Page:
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Join photographer and teacher Jan Kabili as she introduces the photo organizing, editing, and sharing features of Adobe Photoshop Elements 12. This course begins with a look at Elements Organizer, a workspace that makes it easier than ever to import photos. Next, Jan explores the photo-enhancement features in the Quick Edit workspace, from correcting color and lighting to quick retouching. Then graduate to the Expert Edit view, which provides tools for selecting portions of images, compositing multiple images, straightening crooked photos, and more. Last, Jan returns to the Organizer to show you how to tag photos with keywords and create albums, and introduces Elements 12's features for emailing photos and sharing them on Twitter.
If you love animals and you take lots of pictures of your pets, I'm sure you've run into this situation at one time or another where you take a photo with the flash on your camera turned on. And you end up with a colored glow in your pet's eyes like the green glow that you see here in this cute dog Wiki's eyes. Sometimes the glow is green like this or it might be white or yellow. Blue, sometimes it's even red. Now, there is a similar effect in humans called red-eye, and for some time now, elements has had a red-eye tool in the expert edit workspace and in the quick edit workspace to remove red-eye from a human's eyes.
But that tool never quite did the job on pet eye glow like this. Now, there's a special option to remove pet eye glow. Let's take a look at that option here in the expert edit workspace. You can do this same thing in the quick edit workspace. Here in expert edit. I'm going to zoom in, so we can really see the dog's eyes. By selecting the zoom tool. And then, clicking the one to one option in the tool options bar. And then, I'll click on the hand tool. And I'll click and drag to center his eyes in the photo. Now I'm going to select the red eye removal tool, the same tool that we used to remove the red eye from humans.
But when I use this tool on a pet, it's important that I go to the tool options and check pet eye there. Now, that greys out the auto-correct button, but it leaves me with a pupil radius and a darken slider that I can use to fine tune my results. To apply the pet eye removal, all I have to do is come into the image with the red eye removal tool. And place the cross hair on my cursor, on top of the color that I want to remove and then click. Now, that's not a bad result, but if you look closely, you can see that the new darkening effect doesn't really cover the entire pupil.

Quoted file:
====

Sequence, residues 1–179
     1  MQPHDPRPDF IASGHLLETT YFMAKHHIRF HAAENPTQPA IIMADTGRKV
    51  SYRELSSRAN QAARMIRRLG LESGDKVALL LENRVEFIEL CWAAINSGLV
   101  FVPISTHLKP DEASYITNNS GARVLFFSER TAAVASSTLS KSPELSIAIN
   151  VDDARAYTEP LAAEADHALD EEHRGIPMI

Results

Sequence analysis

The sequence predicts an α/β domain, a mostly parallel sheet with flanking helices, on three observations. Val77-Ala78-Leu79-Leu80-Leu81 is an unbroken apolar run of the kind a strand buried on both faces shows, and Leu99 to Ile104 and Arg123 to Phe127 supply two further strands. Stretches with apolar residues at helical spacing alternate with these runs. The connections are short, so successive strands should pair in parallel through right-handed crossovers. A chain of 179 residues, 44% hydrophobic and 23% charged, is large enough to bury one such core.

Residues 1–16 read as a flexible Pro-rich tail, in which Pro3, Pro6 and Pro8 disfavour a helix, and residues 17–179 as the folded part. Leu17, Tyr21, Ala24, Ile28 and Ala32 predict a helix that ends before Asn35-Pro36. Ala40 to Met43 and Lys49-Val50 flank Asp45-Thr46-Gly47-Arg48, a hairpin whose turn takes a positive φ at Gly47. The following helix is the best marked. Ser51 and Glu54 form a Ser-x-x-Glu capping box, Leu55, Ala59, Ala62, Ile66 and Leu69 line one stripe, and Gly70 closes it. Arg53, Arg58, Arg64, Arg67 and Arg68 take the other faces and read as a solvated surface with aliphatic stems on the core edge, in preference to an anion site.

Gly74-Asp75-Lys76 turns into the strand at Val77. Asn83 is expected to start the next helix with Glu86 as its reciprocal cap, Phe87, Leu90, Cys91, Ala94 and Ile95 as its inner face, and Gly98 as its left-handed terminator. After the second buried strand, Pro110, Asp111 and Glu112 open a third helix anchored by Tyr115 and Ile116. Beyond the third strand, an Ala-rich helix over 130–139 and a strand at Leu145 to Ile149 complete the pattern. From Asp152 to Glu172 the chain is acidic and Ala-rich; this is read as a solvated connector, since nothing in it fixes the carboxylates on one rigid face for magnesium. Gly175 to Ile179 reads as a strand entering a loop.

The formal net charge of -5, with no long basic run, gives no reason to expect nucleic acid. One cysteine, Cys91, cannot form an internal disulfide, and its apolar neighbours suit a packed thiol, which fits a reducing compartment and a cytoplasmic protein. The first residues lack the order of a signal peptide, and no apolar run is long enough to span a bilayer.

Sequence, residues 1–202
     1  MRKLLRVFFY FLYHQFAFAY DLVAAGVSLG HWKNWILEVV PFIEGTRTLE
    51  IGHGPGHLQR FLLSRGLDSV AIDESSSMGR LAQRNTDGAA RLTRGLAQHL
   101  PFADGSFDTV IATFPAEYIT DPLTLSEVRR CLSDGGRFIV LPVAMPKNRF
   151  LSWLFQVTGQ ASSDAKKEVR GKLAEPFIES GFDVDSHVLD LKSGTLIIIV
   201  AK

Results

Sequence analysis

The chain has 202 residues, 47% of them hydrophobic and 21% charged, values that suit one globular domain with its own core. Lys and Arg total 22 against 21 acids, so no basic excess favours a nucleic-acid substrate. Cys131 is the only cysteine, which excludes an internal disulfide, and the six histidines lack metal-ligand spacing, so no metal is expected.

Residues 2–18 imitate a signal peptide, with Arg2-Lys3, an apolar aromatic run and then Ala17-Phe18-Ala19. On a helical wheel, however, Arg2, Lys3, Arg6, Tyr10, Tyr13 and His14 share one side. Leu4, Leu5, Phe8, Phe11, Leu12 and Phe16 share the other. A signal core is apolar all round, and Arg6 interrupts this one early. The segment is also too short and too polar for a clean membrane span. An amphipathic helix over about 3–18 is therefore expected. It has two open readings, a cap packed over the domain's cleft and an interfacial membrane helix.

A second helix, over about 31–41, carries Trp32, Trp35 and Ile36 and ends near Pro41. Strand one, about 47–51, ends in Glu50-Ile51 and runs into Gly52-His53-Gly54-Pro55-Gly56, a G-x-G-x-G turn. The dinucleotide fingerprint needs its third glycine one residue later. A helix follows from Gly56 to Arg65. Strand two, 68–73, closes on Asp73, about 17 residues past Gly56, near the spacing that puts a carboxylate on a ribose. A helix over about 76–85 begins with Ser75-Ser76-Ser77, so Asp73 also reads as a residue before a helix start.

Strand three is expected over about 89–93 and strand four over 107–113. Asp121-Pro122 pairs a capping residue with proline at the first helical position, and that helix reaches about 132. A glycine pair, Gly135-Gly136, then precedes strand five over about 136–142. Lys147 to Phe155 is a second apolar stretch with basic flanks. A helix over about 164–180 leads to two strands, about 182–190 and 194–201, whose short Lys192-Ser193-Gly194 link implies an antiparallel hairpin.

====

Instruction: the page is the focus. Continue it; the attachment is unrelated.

There's a bit of a light ring around it. So, I'm going to undo by going down to the task pane. And clicking the undo button. Again, I'm going to go to the tool options and take the pupil radius slider from its default and drag it over toward the right. Now, I'll go back into the image and repeat what I just did, clicking on the green glow in the dog's eye. And, I think that does the trick. Now, let's work on his other eye. With the same settings, I'll move over the right eye And I'll click on the color there, and that is not a bad result. But I think that the pupil in his right eye now looks a little grayer than the darker pupil in the left eye.
So I'm going to try again on the right eye. I'll click undo, and this time I'm going to go to the darken slider and I'm going to drag that to the right. Now it's just a guess where to put the slider. I'll try it out and if I don't like the results, I'll try again with different settings. And then, I'll move into the image, and I'll click in the right eye. And I think that's a better match to the other eye. So, at this point, I would save and close the image. So, if you like to take photos of your pets, particularly, if you're inside and using flash, then, I think you're really going to love the pet eye option on the red eye removal tool, here in the expert edit workspace and in the quick edit workspace.
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